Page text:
Rõivas: Wages in Southern Europe Must Fall
At an unofficial meeting of social and labor affairs ministers of the EU in Lithuania today, Social Affairs Minister Taavi Rõivas said that it wasn't realistic to establish a minimum wage at the EU level and that Southern European salaries had to come down.
"Salaries in the southern European countries in recession and debt must be decreased to restore the competitiveness of these countries. Keeping wages unchanged during a recession could lead to economic difficulties at the company level and unemployment in society," he said in his remarks.
He said a uniform minimum wage would not be realistic because of the economic disparity between the 28 countries. He reserved praise for Sweden's practice of using solely collective bargaining to arrive at wages.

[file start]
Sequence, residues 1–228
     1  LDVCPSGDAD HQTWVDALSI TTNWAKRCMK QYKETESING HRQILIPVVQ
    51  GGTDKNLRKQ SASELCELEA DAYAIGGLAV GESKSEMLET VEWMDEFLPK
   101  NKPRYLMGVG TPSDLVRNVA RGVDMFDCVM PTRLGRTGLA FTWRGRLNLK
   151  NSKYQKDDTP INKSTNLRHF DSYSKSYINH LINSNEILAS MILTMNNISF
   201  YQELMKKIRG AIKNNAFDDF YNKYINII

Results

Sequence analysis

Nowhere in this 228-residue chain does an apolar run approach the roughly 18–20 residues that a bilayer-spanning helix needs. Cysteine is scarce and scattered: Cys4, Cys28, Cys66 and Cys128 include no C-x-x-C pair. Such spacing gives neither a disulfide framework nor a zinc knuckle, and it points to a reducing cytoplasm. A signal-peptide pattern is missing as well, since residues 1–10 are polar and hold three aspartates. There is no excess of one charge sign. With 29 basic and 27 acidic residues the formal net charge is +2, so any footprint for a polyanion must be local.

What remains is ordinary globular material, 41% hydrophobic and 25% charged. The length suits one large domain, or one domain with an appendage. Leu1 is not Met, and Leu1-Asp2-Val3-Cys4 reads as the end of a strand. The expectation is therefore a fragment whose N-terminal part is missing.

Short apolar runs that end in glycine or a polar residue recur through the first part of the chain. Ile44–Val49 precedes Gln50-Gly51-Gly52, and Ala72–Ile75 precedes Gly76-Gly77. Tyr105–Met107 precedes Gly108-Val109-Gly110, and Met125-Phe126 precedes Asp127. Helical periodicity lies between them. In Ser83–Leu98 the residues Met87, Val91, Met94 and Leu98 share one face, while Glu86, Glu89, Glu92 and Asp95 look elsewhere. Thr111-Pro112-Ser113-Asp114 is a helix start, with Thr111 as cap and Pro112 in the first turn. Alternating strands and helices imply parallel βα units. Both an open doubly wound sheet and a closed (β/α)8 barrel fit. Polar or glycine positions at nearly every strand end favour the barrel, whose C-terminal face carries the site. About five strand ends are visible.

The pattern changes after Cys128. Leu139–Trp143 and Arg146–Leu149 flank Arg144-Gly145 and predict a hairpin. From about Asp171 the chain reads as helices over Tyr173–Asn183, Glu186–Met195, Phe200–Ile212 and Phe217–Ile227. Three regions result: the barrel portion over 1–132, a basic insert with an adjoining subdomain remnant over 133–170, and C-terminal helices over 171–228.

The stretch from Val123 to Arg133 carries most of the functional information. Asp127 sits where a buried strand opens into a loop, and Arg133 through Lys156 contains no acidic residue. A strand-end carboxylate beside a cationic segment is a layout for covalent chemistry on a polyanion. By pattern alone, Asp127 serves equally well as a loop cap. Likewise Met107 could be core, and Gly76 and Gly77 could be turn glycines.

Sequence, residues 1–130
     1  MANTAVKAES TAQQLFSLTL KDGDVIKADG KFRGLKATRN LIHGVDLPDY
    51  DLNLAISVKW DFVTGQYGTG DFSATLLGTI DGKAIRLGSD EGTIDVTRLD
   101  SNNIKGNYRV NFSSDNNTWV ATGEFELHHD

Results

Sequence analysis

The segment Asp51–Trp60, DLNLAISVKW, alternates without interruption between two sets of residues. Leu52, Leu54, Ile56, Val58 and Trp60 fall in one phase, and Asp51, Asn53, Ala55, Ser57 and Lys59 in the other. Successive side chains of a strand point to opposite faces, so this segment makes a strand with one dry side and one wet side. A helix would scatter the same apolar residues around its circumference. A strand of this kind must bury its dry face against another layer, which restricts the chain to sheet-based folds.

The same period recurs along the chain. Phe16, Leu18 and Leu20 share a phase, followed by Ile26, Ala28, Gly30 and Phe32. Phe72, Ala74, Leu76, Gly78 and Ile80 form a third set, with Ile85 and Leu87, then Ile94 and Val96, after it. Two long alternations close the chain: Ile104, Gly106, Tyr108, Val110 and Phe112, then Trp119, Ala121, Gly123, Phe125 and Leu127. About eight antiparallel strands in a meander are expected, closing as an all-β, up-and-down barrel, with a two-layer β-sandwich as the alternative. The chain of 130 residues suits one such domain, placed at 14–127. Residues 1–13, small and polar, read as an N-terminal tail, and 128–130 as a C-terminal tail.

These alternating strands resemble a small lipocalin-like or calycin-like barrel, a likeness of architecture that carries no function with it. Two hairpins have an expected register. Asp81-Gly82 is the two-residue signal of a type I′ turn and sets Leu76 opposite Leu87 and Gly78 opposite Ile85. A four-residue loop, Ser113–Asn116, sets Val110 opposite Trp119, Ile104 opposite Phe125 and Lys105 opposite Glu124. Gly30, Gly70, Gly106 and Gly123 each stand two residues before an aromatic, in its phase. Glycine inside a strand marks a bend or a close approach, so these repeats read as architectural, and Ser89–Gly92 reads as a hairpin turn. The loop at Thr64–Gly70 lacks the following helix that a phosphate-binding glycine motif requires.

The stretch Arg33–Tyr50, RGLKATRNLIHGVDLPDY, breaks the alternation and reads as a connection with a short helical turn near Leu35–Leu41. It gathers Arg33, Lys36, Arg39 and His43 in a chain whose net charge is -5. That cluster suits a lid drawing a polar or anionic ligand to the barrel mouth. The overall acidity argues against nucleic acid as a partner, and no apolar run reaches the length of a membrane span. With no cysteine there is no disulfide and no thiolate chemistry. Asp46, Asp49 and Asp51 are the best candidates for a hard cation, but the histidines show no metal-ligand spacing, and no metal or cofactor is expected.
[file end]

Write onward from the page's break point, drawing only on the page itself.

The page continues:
The ministers are in Vilniius to exchange ideas on the role of wages in the economy and whether coordinating minimum wage levels at the EU level could have a role in stabilizing the economy.
Rõivas told uudised.err.ee that the meeting pointed up major differences in national systems and said it was unlikely wages could be coordinated at a federal level.